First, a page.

VFX Supervisor Sam O’Hare led four VFX teams to deliver over 500 shots for ‘Dumb Money’, using Fusion to design super efficient scripts for precise colour-accurate reviews and versioning.

Blackmagic fusion dumb money

Dumb Money is a comedy film based on the book ‘The Antisocial Network’. It tells the true story of a motley assortment of stock market players who, through short selling, suddenly turn video game retailer GameStop into a company with extraordinarily desirable shares. The person instigating these events is American financial analyst and investor Keith Gill, who sinks his life savings into the company’s stock and posts about it, attracting a massive response. When his posts and stock tips take off, so does his life and the lives of those following him.

Sam O’Hare, a VFX Supervisor based in New York City, led the VFX teams that delivered more than 500 shots for the movie. “For ‘Dumb Money’ I had four vendors to work with, but due to logistics and budget constraints, it made sense for me to handle some of the shots myself,” said Sam.

Screens on Screen

Because online trading and news playing a large role in the film’s plot, Sam took responsibility for a long list of screen closeups and treatments, working in Blackmagic Design Fusion Studio. “Screens play a big part in the film, and we had a variety of shots that were extreme closeups on graphics displayed on LED screens,” he said.

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“In Fusion, I built a look for the closeup shots of the screens using reference photography of screen LEDs as a base. Then, to downres and pixelate the supplied graphics and footage, I concatenated a series of transforms – using various blend modes and colour corrections as I combined them – and finished off with vignettes, defocus and grain.”

“Since I was executing a lot of shots and needed to keep my naming conventions straight, I wrote various Python scripts for Fusion to give me a basic pipeline. With these, I could make sure my OpenColorIO pipeline was accurate, my files and outputs were always named correctly, and my frame range was always set. I could also use them to build slates and burn ins that automatically updated per shot.”

Shot Management

He used Fusion Studio scripts again when he was working in DaVinci Resolve Studio to help manage the various VFX shots across the film’s four vendors. “In this case, Python scripting helped speed up my use of Resolve as I reviewed shots, because I needed to synchronise the colour between the LogC4 plates, Linear EXRs and Rec.709 editorial references. Using an exported list of shots, my script would make a Resolve sequence with all of those elements added, colour coded and the QuickTimes trimmed to length,” he said.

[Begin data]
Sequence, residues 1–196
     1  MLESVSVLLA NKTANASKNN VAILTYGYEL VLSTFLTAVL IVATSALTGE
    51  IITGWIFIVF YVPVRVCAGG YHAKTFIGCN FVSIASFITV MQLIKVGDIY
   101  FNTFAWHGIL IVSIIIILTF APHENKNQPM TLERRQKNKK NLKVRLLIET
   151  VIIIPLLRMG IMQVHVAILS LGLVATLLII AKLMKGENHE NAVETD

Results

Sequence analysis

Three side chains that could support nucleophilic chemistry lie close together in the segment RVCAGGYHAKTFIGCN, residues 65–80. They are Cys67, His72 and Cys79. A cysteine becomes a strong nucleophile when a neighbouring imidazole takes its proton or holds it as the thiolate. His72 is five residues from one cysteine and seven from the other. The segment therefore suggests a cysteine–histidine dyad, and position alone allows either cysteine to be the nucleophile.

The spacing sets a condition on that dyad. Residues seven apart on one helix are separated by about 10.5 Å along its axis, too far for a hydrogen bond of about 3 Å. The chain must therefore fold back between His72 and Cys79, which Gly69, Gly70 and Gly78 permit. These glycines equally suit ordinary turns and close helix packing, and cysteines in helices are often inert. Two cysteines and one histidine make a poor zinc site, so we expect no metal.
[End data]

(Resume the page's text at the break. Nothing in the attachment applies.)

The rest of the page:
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“A second script used DaVinci Resolve’s Fusion page and Resolve’s native nodes to automatically apply the correct gamut and OpenColorIO colour transform for each EXR sequence. With that set up, I could check shot length, transform and colour, and look at cleanup and keying work against the plate, in one step – as well as play everything back in real time at 4K,” he said.

Sam also wanted to check the differences between versions, and wrote a third script that would automatically search for other versions of EXR sequences or QuickTimes in the folder and, with a keystroke from Sam, move to the next or previous one. By lining up these tasks in a script, he eliminated a lot of busy work and just focussed on the imagery. He commented, “Setting up a hundred shots for review was as simple as doing one. Last of all, I used Resolve to output sequences for the director to approve.”

The Invisible Ideal

Most of Sam’s work on the film is invisible, which is the result he is looking for. “It’s all intended to be invisible VFX,  a part of the scene, so when the audience doesn’t realise it’s there, that’s the biggest compliment. In all, we had more than 500 VFX shots in the movie, including bluescreen car sequences, a whole load of device screens and environment work replacing dozens of trees with CG to turn autumn into winter. To fill out scenes with actors who couldn’t be present at the shoot, we shot them separately and composited them into shots in post,” he said.

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Resolve and Fusion are most useful to me for their ease of use and speed. I’m also confident in their colour management, which is vital for a VFX pipeline,” Sam said. “Using Fusion and Resolve made it feasible to execute all the work that needed to happen within the schedule and budget, simple as that. By relying on those tools, I was able to respond in a timely manner to vendors, execute shots, keep producers and the director up to speed, without working crazy hours.” www.blackmagicdesign.com